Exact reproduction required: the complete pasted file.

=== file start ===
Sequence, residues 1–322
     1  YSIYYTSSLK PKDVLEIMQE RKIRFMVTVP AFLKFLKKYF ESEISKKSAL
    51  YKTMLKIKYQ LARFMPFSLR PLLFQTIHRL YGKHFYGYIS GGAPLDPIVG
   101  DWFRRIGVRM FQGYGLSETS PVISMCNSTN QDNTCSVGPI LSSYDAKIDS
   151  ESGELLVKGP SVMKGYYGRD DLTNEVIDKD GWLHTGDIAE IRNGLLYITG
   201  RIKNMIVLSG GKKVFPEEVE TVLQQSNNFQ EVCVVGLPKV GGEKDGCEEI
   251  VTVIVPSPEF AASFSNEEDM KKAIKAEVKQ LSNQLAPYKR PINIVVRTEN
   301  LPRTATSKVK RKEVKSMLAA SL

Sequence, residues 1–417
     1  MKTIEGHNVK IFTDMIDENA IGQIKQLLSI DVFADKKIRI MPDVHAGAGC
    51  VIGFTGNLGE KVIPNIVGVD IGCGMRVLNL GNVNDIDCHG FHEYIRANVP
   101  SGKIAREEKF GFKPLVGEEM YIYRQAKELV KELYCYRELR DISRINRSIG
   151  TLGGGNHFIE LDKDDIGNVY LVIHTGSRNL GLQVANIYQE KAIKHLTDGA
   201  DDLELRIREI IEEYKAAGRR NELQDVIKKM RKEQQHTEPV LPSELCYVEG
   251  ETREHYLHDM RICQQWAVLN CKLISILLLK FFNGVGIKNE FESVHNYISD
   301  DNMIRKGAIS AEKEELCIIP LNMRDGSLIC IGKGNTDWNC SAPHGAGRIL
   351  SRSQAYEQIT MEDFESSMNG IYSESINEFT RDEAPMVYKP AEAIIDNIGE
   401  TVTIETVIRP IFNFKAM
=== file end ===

Sequence, residues 1–322
     1  YSIYYTSSLK PKDVLEIMQE RKIRFMVTVP AFLKFLKKYF ESEISKKSAL
    51  YKTMLKIKYQ LARFMPFSLR PLLFQTIHRL YGKHFYGYIS GGAPLDPIVG
   101  DWFRRIGVRM FQGYGLSETS PVISMCNSTN QDNTCSVGPI LSSYDAKIDS
   151  ESGELLVKGP SVMKGYYGRD DLTNEVIDKD GWLHTGDIAE IRNGLLYITG
   201  RIKNMIVLSG GKKVFPEEVE TVLQQSNNFQ EVCVVGLPKV GGEKDGCEEI
   251  VTVIVPSPEF AASFSNEEDM KKAIKAEVKQ LSNQLAPYKR PINIVVRTEN
   301  LPRTATSKVK RKEVKSMLAA SL

Sequence, residues 1–417
     1  MKTIEGHNVK IFTDMIDENA IGQIKQLLSI DVFADKKIRI MPDVHAGAGC
    51  VIGFTGNLGE KVIPNIVGVD IGCGMRVLNL GNVNDIDCHG FHEYIRANVP
   101  SGKIAREEKF GFKPLVGEEM YIYRQAKELV KELYCYRELR DISRINRSIG
   151  TLGGGNHFIE LDKDDIGNVY LVIHTGSRNL GLQVANIYQE KAIKHLTDGA
   201  DDLELRIREI IEEYKAAGRR NELQDVIKKM RKEQQHTEPV LPSELCYVEG
   251  ETREHYLHDM RICQQWAVLN CKLISILLLK FFNGVGIKNE FESVHNYISD
   301  DNMIRKGAIS AEKEELCIIP LNMRDGSLIC IGKGNTDWNC SAPHGAGRIL
   351  SRSQAYEQIT MEDFESSMNG IYSESINEFT RDEAPMVYKP AEAIIDNIGE
   401  TVTIETVIRP IFNFKAM